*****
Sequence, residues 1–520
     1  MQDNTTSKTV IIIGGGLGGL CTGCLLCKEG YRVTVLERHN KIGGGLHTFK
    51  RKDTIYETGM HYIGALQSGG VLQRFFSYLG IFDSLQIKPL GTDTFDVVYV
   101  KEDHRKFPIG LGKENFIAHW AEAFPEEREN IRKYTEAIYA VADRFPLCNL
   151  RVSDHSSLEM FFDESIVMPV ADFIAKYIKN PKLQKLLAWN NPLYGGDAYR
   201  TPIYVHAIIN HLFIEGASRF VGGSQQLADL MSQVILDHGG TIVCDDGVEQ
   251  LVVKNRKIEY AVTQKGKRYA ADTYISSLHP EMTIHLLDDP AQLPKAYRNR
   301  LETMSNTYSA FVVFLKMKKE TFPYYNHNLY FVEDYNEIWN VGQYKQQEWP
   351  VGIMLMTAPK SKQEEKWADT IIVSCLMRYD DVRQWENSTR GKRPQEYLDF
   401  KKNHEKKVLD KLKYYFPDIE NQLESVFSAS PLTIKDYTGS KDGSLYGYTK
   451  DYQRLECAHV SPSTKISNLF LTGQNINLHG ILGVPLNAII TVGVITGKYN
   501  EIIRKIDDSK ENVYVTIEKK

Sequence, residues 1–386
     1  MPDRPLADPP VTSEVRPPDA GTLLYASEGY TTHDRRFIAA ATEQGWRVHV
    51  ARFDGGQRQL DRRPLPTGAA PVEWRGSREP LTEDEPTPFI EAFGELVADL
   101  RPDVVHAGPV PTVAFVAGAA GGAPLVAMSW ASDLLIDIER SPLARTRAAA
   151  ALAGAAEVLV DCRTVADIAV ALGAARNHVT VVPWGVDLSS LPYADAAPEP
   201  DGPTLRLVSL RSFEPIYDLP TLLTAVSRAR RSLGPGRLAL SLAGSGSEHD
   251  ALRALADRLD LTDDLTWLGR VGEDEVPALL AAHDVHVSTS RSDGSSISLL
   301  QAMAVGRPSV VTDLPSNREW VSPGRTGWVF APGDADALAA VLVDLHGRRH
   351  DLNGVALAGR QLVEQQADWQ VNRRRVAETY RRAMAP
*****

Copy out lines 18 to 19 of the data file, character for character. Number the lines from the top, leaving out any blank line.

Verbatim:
   201  DGPTLRLVSL RSFEPIYDLP TLLTAVSRAR RSLGPGRLAL SLAGSGSEHD
   251  ALRALADRLD LTDDLTWLGR VGEDEVPALL AAHDVHVSTS RSDGSSISLL